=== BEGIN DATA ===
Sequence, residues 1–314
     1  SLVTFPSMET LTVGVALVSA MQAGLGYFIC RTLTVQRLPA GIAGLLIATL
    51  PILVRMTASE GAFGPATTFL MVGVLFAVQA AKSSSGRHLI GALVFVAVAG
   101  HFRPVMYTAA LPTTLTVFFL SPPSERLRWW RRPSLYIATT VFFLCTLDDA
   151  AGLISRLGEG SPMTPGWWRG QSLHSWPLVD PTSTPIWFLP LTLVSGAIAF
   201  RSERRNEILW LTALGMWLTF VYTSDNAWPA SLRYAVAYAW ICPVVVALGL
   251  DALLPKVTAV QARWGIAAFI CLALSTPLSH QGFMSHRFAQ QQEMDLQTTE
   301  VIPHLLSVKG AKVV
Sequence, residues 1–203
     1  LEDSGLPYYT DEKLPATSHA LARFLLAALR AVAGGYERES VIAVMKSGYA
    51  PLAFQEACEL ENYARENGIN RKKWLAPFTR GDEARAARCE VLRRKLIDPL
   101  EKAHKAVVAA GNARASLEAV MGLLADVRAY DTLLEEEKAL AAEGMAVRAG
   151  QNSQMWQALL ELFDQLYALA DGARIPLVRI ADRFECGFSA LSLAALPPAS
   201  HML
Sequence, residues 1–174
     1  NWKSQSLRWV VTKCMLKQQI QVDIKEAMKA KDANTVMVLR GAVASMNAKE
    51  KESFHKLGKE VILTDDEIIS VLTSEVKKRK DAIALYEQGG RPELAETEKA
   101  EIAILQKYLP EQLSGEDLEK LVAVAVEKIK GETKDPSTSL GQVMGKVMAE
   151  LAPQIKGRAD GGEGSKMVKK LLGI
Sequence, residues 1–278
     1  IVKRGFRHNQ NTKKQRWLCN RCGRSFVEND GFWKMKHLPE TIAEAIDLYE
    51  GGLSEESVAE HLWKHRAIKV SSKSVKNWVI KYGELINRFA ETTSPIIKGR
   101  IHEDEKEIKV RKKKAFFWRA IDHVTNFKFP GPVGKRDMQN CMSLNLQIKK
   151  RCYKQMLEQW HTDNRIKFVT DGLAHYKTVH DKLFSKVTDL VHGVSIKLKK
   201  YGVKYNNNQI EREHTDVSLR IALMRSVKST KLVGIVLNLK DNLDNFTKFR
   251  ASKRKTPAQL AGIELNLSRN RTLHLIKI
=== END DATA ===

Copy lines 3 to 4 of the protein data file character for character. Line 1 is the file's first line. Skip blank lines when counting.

    51  PILVRMTASE GAFGPATTFL MVGVLFAVQA AKSSSGRHLI GALVFVAVAG
   101  HFRPVMYTAA LPTTLTVFFL SPPSERLRWW RRPSLYIATT VFFLCTLDDA